Paul Alcorn is the Managing Editor: News and Emerging Tech for Tom's Hardware US. He also writes news and reviews on CPUs, storage, and enterprise hardware.

  • rantoc
    @1440p or 4k the gaming difference wont be noticeable as the gpu starts to become the bottleneck. Game with an 2700x on an 3440x1440 100hz display (1080ti) and couldn't be happier as it also have the benefits of chewing through threaded workloads like a champ and that at a good price. So good mid-high res gaming with very good threaded performance, hard to beat really.
  • philipemaciel
    I am going to buy the 2700.

    The 65W TDP is low enough for passive cooling. That it is cheaper than the 2700X is just the icing on the cake.

    For *my* needs, it is perfect. I am more than happy to lose a little performance and have the TDP drop 40W.
  • mitch074
    I think @philipemaciel hit it right on the head: the 2700 is a much better choice if you're looking for a powerful CPU that sips power (65W is damn impressive, and that's before taking into account the possibilities offered by undervolting), as this puts it in a spot both the 2700X and the 2600X can't touch. For pure gaming, the 2600X is a much more sensible choice, and if you need absolute power without the need to tinker with it, the 2700X is perfect (an 8-core CPU that overclocks itself, it's a dream come true).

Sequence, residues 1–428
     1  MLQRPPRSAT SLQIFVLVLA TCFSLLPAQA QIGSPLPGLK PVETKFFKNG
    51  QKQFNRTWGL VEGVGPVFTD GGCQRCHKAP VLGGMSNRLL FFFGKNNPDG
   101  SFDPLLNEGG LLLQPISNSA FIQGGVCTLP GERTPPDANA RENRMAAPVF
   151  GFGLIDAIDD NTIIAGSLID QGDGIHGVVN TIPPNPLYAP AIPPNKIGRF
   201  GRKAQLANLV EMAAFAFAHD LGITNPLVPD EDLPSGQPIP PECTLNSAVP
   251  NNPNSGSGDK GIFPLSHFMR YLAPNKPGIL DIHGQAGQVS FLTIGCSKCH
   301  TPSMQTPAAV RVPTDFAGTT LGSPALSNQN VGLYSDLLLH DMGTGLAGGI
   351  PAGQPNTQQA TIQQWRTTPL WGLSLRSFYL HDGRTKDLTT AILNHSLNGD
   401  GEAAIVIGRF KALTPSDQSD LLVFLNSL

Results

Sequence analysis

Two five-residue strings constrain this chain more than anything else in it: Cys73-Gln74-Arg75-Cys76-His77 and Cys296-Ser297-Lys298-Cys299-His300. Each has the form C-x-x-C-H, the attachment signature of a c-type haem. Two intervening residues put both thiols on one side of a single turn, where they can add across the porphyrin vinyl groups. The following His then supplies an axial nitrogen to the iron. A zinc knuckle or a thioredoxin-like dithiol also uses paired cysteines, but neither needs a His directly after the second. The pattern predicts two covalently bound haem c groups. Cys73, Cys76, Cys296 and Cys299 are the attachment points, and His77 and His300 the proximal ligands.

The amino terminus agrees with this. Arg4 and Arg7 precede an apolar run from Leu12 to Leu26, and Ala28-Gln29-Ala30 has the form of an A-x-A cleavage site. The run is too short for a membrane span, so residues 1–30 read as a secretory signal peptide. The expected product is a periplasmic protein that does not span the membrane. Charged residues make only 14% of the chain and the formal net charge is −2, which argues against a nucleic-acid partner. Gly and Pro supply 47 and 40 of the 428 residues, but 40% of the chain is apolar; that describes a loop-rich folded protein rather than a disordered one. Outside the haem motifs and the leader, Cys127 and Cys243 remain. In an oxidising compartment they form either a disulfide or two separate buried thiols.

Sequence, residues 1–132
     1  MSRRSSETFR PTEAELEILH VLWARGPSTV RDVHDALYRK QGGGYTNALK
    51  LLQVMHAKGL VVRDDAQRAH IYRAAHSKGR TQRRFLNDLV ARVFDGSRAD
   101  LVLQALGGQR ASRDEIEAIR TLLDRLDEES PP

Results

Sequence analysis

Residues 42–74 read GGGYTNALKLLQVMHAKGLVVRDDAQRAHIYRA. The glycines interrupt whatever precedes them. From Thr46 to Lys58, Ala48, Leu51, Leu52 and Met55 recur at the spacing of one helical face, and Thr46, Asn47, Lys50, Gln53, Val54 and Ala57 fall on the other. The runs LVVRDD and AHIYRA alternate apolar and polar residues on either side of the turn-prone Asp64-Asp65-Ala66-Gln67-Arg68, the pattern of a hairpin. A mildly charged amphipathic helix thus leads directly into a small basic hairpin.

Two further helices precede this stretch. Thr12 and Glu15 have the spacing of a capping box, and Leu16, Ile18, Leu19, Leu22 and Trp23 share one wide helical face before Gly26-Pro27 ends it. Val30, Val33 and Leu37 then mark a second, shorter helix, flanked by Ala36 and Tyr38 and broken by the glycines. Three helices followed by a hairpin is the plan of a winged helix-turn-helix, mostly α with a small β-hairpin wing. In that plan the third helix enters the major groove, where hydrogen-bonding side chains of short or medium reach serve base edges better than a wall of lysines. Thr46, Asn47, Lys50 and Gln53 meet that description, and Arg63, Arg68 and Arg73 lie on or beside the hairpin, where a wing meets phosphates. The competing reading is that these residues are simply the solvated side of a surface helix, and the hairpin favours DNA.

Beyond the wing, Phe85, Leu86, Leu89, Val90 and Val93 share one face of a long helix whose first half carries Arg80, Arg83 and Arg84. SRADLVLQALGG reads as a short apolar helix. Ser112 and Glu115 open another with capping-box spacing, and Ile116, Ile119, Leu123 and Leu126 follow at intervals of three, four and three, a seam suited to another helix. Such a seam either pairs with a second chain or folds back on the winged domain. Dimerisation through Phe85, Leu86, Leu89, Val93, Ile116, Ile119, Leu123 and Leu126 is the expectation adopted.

Now though, it would have been better if AMD had sold those without a cooler for $20 less - the price gap with 2700X would have made it much more enticing, and overclockers could have pushed the hell out of it with watercooling etc.
  • redgarl
    You rated that 6/10? Are you mad? Also, the stock cooler is not sufficient for Overclocking? Do you realize that this is the case for all marketed CPUs?

  • theyeti87
    20974031 said:
    I am going to buy the 2700.

    The 65W TDP is low enough for passive cooling. That it is cheaper than the 2700X is just the icing on the cake.

    For *my* needs, it is perfect. I am more than happy to lose a little performance and have the TDP drop 40W.

    Your reasoning is the same logic I used in selecting my 1700 non-X. I am attracted to efficient power.
  • Combat_Medic
    "...our 4.0V Vcore, 1.2V SoC"

    That's a LOT of vcore right there!
  • PaulAlcorn
    20974322 said:
    "...our 4.0V Vcore, 1.2V SoC"

    That's a LOT of vcore right there!

    Thanks, good eye! fixed. (1.4V)
    I would expect the 2700 to have longevity.

    NeoHome economics 101: Buy quality parts that/and don't push the hardware limits.
    Main System(5-7 years) becomes Utility System(5+ years)

    Unless of course you burn out the mainsystem in 3-4 years *factory overclocks tend to do this too). ;)
  • Garrek99
    The point of this processor is power efficiency not performance.
    Where are the performance per Watt or Temp charts?
  • ElectrO_90
    You do realise, the whole point is to sell the 2700 for $30 so they can sell the main 2700x, because people don't mind spending 10% more, unless they are really restricted for power/heat.